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Companion Planting: Why You Should Grow These Plants Side-by-Side

Part science and part folklore, companion planting has long been used by gardeners, who pair specific plants for their mutual benefit. Sometimes it's about confusing or discouraging pests, other times it's about attracting beneficial insects to deal with the pests. Here are 10 companion plantings to try in your edible garden.

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Tomatoes and Marigolds

Marigolds aren’t just ornamental, they also chase away destructive root-knot nematodes, microscopic worms in the soil that attack the roots of tomato plants. While you’re at it, add in some basil to this companion planting. It is well behaved and thought to improve the flavor of tomatoes. It can also be harvested simultaneously for salads.

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carrots jaroslava V/Shutterstock

Radishes and Carrots

These two vegetables work well together in a companion planting because they’re on different schedules. Radishes are the hare, going from start to finish in just 25 to 30 days. Carrots are the tortoise, taking 60 to 80 days to mature. Sow the seeds of both of these vegetables together. When you harvest the radishes, it opens up space for the later-maturing carrots.

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Lettuce and Basil

This is another pairing that works efficiently because the plants are on different schedules. The cool-season lettuce peters out around the time the basil is ready to soak up the heat of summer.

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corn igorsm8/Shutterstock

Green Beans and Corn

These two make a good combination because the beans can climb the cornstalks for support without impeding its growth. Beans also fix their own nitrogen from the atmosphere, meaning they can create their own nitrogen (with the help of soil bacteria) rather than needing nutrients from the soil. The extra nitrogen improves the soil for surrounding plants, in this case nitrogen-hungry corn. Native Americans added a third plant—a sprawling squash vine that shaded out weeds beneath the corn and beans—and called the trio The Three Sisters.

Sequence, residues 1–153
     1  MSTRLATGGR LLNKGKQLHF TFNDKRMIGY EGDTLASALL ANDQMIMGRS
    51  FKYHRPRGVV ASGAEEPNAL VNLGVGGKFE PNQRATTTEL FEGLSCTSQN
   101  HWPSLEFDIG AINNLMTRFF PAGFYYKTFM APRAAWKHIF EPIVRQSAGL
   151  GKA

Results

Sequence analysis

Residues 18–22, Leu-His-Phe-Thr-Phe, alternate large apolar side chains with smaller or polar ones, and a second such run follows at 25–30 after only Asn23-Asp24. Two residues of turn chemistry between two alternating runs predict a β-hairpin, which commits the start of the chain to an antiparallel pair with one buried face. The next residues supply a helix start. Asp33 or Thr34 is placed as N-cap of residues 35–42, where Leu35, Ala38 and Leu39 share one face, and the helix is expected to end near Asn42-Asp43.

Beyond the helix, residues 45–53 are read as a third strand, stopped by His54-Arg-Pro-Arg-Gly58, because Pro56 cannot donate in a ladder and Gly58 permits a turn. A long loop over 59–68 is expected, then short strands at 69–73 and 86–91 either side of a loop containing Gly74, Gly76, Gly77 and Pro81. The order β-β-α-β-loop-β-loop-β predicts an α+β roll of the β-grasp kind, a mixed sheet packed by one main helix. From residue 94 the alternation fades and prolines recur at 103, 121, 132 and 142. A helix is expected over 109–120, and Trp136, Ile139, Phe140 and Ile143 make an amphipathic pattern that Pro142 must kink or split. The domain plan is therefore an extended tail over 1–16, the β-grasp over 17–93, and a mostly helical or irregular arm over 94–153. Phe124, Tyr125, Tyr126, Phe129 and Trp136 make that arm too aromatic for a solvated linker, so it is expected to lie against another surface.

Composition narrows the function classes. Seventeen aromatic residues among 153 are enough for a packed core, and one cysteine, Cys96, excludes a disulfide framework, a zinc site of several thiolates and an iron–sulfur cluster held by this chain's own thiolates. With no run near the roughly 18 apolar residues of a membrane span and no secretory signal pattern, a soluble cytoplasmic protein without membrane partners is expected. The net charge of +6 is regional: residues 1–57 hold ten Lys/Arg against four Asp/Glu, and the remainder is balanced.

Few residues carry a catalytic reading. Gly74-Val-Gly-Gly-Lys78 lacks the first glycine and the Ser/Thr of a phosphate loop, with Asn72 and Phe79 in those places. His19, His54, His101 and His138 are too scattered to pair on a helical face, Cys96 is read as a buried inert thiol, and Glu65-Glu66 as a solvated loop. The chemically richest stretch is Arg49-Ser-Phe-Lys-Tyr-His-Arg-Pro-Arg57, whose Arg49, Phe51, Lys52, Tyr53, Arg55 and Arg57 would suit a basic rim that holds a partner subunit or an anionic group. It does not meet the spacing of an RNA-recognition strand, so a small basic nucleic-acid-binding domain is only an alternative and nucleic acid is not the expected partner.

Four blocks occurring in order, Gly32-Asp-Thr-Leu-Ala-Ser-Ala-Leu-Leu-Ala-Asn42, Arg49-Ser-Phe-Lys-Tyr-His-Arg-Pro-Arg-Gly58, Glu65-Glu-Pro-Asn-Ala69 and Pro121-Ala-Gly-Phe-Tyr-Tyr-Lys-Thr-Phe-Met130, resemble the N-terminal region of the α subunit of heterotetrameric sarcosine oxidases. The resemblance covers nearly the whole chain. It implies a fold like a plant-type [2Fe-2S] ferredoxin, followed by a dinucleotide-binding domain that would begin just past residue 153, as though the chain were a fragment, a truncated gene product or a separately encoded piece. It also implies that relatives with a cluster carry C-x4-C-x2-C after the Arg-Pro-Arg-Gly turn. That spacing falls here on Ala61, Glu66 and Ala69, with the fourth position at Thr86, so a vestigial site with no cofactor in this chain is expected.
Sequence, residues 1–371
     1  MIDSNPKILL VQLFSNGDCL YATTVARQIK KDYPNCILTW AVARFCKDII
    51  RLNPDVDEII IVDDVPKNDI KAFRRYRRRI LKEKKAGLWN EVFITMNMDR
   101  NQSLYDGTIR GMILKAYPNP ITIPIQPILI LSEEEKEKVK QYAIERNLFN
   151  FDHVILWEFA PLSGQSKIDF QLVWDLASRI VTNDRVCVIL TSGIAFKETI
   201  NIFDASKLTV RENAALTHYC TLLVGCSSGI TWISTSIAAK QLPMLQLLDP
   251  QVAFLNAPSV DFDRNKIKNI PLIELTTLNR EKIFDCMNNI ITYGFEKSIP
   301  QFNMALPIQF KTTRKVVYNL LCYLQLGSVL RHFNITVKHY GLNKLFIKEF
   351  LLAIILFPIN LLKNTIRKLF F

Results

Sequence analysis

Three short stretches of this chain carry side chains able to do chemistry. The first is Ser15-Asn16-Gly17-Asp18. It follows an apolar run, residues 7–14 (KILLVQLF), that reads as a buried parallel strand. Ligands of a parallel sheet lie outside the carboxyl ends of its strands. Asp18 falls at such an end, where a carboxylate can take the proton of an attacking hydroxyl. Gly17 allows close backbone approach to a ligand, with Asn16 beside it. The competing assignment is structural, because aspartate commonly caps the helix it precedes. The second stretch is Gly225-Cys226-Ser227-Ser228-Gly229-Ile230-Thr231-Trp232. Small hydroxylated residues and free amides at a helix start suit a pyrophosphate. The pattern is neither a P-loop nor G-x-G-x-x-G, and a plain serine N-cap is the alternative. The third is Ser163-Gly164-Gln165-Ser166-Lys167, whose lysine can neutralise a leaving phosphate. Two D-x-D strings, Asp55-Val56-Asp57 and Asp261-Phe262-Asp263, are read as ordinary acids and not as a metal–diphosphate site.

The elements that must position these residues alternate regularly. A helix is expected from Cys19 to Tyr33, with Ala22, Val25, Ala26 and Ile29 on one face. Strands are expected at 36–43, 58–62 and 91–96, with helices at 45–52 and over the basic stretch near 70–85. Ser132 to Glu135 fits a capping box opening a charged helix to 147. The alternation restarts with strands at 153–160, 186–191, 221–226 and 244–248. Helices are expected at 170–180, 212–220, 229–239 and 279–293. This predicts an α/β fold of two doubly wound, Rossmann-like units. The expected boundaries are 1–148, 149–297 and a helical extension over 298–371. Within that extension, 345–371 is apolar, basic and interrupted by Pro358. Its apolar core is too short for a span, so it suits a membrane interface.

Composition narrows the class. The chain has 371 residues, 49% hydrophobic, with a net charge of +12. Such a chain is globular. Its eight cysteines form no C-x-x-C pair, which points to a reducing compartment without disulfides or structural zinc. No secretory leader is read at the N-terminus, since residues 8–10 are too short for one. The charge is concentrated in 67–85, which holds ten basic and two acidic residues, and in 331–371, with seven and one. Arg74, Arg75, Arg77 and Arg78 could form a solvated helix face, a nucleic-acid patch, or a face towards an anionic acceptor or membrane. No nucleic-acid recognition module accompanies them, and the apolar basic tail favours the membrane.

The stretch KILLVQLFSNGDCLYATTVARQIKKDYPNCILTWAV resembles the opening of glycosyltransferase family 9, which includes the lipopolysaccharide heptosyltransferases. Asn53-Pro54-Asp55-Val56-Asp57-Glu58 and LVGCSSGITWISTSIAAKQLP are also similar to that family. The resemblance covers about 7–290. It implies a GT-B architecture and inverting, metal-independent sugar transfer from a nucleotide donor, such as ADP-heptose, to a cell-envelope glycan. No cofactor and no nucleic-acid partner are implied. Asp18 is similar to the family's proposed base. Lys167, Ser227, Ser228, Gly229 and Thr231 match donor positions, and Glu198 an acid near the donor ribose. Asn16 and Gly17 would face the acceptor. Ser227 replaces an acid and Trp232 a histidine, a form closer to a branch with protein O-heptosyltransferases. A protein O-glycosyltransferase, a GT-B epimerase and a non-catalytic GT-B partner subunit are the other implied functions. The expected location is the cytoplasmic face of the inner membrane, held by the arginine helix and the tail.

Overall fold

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Roses and Garlic

The shorter garlic fills in nicely around the bare stems of rosebushes. More important to the success of this companion planting, garlic is said to chase away aphids, spider mites and most importantly, Japanese beetles.

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Cabbage1: Niferure/Shutterstock 2:Peter Turner Photography/Shutterstock

Rosemary and Cabbage

Rosemary is a strong-smelling herb (fortunately, it’s a good aroma!) that may help confuse or distract cabbage moths from cabbage, kale or other cole crops. Sage and mint are also reported to have the ability to ward off cabbage moths. (Mint can be a garden bully, by taking over in a hurry, so plant it in a container and bury the container to keep the roots from spreading.)

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pumpkin sanddebeautheil/Shutterstock

Nasturtium and Squash

Just like marigolds, colorful nasturtiums can bring an ornamental flourish to the garden while doing the heavy lifting on pest control. In this case, nasturtium’s job is to guard against aphids and squash bugs. Bonus: Edible nasturtium flowers can be added as a salad topper.

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OnionWako Megumi/Shutterstock

Carrots and Onions

This is another good pairing for a companion planting because the onions repel carrot flies and aphids. Leeks, rosemary and sage are also reputed to turn away carrot flies. It makes sense then why elephant garlic—a cross between garlic and a leek—also repels carrot flies. Both carrots and onions grow better in a raised bed full of rich, well-drained soil.

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floral1:vandame/Shutterstock 2: yakonstant/Shutterstock

Mums and Beans

Intersperse chrysanthemums among bean plants to deter Mexican bean beetles. At the end of the season, when the beans are done, you’ll have something ornamental to look at. Summer annuals such as cosmos and marigold are also said to be helpful at controlling Mexican bean beetles.

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flowersHildaWeges Photography/Shutterstock

Zinnias and Vegetables

When used to rim the outskirts of the garden, tall zinnias block the view of the vegetables, creating a prettier view for people. They also serve as a barrier to deer, who don’t see the vegetables or don’t want to move through the zinnias to get to them. Jerusalem artichoke, cleome and other tall plants can also serve this purpose.

Luke Miller
Luke Miller is an award-winning garden editor with 25 years' experience in horticultural communications, including editing a national magazine and creating print and online gardening content for a national retailer. He grew up across the street from a park arboretum and has a lifelong passion for gardening in general and trees in particular. In addition to his journalism degree, he has studied horticulture and is a Master Gardener.